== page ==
Grapes – information or gossip (taken from the word “grapevine”)

Ghetto Penthouse – this is the term given to the topmost cell of one prison block

Hot One – a murder charge

Hold your mud – this term describes threats made by other inmates to their co-inmates, preventing them to blurt something out to officers, even if their lives are being threatened or if they’re in danger

Heat Wave – this happens when some attention is given to a certain group of inmates because of their actions—and it may not necessarily be good

June Bug – a prisoner who is considered to be a slave to others

Jacket – this is the information file or rap sheet of an inmate, or could also stand for his reputation among other inmates

Kesue – means a knife

Keister – this means that an inmate is hiding something that’s deemed as contraband in his rectum

Lame Duck – an inmate who is alone in prison yard; easy to prey on

Life Jolt – a life sentence

Mud – a coffee

Monkey Mouth – this is the equivalent of a blabbermouth, or someone who just talks about nothing important at all

Nickle – a five-year sentence

Programmer – an inmate who improves himself by attending classes

Pumpkins – new inmates

Punk – a derogatory term used for transsexual or homosexual

S to Life – a basketball game without rules

Spider Monkey – someone doing hard time

Strapped – when an inmate is carrying a weapon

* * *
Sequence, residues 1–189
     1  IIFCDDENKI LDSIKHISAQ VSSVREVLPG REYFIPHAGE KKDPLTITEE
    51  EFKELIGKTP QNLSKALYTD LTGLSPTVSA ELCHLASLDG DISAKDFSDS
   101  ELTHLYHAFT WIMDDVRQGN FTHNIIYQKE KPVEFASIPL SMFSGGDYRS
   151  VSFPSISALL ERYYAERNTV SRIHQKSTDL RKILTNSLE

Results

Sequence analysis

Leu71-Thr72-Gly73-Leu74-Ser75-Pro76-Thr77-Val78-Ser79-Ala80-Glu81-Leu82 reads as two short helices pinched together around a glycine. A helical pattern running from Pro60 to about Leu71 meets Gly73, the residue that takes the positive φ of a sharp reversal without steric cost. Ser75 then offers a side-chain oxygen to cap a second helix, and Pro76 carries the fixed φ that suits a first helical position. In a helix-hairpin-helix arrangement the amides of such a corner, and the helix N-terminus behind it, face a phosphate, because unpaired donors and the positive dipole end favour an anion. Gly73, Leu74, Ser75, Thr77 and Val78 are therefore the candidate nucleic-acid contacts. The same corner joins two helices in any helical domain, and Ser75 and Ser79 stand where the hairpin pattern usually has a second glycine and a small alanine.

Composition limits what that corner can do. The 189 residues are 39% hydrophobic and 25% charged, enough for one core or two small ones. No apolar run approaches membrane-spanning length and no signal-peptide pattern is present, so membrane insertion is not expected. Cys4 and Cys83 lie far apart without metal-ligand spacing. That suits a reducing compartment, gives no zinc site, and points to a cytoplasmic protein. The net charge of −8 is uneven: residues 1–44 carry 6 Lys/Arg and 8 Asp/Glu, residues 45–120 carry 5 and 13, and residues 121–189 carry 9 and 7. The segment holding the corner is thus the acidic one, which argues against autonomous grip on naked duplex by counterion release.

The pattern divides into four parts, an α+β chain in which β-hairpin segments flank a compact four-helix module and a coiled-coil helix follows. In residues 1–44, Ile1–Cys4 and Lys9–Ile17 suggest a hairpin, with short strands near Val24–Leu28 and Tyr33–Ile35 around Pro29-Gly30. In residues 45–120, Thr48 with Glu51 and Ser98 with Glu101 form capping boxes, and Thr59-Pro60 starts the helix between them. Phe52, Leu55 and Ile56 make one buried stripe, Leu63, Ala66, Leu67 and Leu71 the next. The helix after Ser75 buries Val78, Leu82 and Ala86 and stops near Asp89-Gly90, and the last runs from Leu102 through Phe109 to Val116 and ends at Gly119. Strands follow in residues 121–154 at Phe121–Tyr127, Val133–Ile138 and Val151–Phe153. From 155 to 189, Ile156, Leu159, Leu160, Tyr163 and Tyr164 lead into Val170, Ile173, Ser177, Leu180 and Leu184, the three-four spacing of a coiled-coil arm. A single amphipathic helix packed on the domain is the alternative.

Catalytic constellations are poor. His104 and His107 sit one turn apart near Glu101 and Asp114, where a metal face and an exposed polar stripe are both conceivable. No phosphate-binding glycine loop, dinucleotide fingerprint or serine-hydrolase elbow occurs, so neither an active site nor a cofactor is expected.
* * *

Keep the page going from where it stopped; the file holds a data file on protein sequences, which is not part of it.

Stress Box – the payphone booths

Shot Caller – the captain of the prison gang

Torpedo – the faithful enforcer of the prison gang

Wham whams or Zoom zooms – are cookies and candies

Wolf Tickets – this is all about challenging others, or talking tough about them

Viking – if the inmate is a couch potato; a lazy-bone
What are some of the slang terms to be aware while behind bars? You finally know a few good examples. Still, some of the most important slang terms to be aware of while behind bars include the following:

The term “the rock” refers to Alcatraz, which is a notorious rocky island prison situated in San Francisco Bay. It is isolated from the outside and the current of the waters that is enveloping around it are cold, strong and hazardous. Prisoners will definitely find it hard to escape from this historical maximum-security penitentiary.

The Sing Sing Prison was derived from the name of a Native American Nation called Sint Sinck. It is also a maximum-security prison located in Ossining, New York. Prisoners often refer this prison as the term “the castle on the Hudson River” or simply “the Castle.” It has its history where prisoners, both men and women, were executed by electric chair.

The word “the farm” refers to a prison farm dotted with barbed-wire enclosures, the Louisiana State Penitentiary, which is located in Angola, United States. The prisoners were like slaves because they were forced to work tirelessly all day while not being fed regularly.

Culture has an impact on different words which developed over the years. No wonder there are so many slang or prison words. Prisoners have nothing to do but adopt the prison culture, or else some of their inmates will take advantage of their weaknesses. What are some of the slang terms to be aware while behind bars? Remember that these are only a few examples. There are many more to learn, especially when it comes to ensuring survival.